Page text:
However, there are still some limitations to a VA appraisal, and it shouldn’t be treated as a full home inspection. The appraisal looks at the “surface” elements of a home, but an inspector takes a deep dive into every nook and cranny of the house. The VA home inspector tries to find anything that is currently wrong or could go wrong with the property in the next few years.

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VA Appraisals Vs. Conventional Appraisals

It’s a common myth that VA appraisals are “stricter” or “worse” than conventional appraisals. They have a lot of similarities and, quite honestly, aren’t much different. Let’s take a look at some of the similarities and differences between VA and conventional loan appraisals.


The goal for both VA and conventional loan home appraisals is to find the home’s fair market value. The appraiser visits the house, takes measurements, surveys its condition and takes pictures.

The appraiser for both appraisal types also compares the subject property to three comparable properties that sold within the last 6 months and are located nearby. This is how the appraiser comes up with the fair market value.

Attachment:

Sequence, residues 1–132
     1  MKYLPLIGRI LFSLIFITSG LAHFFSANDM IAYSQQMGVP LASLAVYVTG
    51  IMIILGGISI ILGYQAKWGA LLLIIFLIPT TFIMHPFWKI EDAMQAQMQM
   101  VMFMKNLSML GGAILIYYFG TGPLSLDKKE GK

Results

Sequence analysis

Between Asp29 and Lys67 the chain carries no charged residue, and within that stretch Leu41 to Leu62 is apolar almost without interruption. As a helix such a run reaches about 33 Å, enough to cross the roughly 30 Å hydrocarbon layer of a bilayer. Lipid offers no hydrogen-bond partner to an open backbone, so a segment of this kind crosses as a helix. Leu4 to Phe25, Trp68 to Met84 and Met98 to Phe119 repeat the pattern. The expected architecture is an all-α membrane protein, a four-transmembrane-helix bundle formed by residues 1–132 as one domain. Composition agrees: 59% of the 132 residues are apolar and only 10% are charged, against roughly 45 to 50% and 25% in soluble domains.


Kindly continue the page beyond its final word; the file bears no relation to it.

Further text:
Appraisers for VA loans and conventional loans also look for significant issues with the home and major value-enhancing upgrades. For example, a large hole in the roof would hurt the appraisal, while a larger kitchen with new appliances would improve the property, increasing its value.

The lender always orders the appraisal from a third party, but the buyer pays for it.


The primary difference between VA and conventional appraisals is that VA appraisals have minimum property requirements, or MPRs. While MPRs may sound daunting to buyers who worry the appraisal requirements could get in the way of their loan approval process, denials are relatively rare.

If a property doesn’t meet the MPRs, it can generally be a source of relief for the buyer. MPRs can prevent buyers from purchasing homes that are overvalued or that would require major structural repairs or renovations.

It’s common for sellers to feel worried about meeting the MPRs. But as long as they’ve taken care of the property, appraisers will likely pass the property. If the appraiser finds any issues, the seller could fix the issues so that the property passes the VA appraisal.